Who are the Kurds? A Middle Eastern people with 'no friends but the mountains'

Kurdish Peshmerga fighters and commanders overlook Islamic State group positions during heavy fighting in Bashiqa, east of Mosul, Iraq, on Nov. 7, 2016.

President Donald Trump made an abrupt decision this week to withdraw U.S. troops from the border between Turkey and Syria, a move that cleared the way for Turkey to launch a military offensive Wednesday into Kurdish-controlled parts of Syria.

"Our mission is to prevent the creation of a terror corridor across our southern border, and to bring peace to the area," Turkey's President Recep Tayyip Erdogan said Wednesday, announcing an invasion that has been widely criticized.

Trump said his administration would continue to monitor the situation closely. 

Turkey views the Kurds as terrorists but U.S. military planners and other western nations see them as partners in fighting the Islamic State, also called ISIS. 

Here's a brief explainer about the people who, as the saying goes, have "no friends but the mountains"

Who are the Kurds?

The Kurds are an ethnic minority group found in the Middle East and in the mountainous Caucasus region between Europe and central Asia. They number between 25-40 million, according to estimates by the CIA Factbook, and straddle territory that belongs to Armenia, Iran, Iraq, Turkey and Syria. The Kurds have never formally obtained a permanent state for various reasons to do with the way the British and French carved up the region in the wake of World War I and the fall of the Ottoman Empire.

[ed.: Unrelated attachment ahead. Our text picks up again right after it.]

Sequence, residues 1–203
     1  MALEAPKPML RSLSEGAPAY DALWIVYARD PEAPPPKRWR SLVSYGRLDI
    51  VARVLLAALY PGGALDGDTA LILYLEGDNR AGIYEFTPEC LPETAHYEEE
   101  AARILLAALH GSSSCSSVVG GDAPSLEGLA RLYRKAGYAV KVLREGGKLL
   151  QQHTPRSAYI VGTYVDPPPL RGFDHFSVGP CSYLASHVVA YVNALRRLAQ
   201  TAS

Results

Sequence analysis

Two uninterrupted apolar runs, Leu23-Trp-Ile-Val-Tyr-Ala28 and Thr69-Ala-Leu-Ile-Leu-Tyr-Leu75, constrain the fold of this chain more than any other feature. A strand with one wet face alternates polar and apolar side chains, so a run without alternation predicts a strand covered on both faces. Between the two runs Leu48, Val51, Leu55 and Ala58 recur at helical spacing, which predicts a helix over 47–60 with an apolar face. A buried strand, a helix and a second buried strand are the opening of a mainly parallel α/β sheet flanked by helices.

What doesn't Turkey like about the Kurds?

The Kurds have many different political groups and militias spread across the region. The Kurdistan Workers' Party, or PKK, has been fighting for autonomy in eastern Turkey for three decades. The PKK has carried out bombings and other assaults in Turkey. Turkey's government views the People's Protection Unit, or YPG – a Kurdish militia that dominates the U.S.-backed Syrian Democratic Forces, or SDF – as aligned with the PKK. The SDF has been leading the fight against the Islamic State.

Why is Trump pulling troops out now?

The U.S. president tweeted Monday that he had been elected on "getting out of these ridiculous endless wars," adding that "Turkey, Europe, Syria, Iran, Iraq, Russia and the Kurds will now have to figure out the situation."

Trump's announcement followed a call with Turkey's President Recep Tayyip Erdogan. Erdogan has previously made clear his determination to invade Kurdish-controlled territory in Syria to hunt YPG militants he considers a threat to his country, but to also establish a "safe zone" – a phrase Erdogan used at the recent United Nations General Assembly in New York – along Turkey's border with Syria. Around 3.6 million Syrian refugees from that nation's civil war live in camps along this border and Erdogan wants them resettled, possibly in this "safe zone."

What has the reaction been to Trump's decision?

Pretty damning for the U.S. president as he also faces an impeachment inquiry.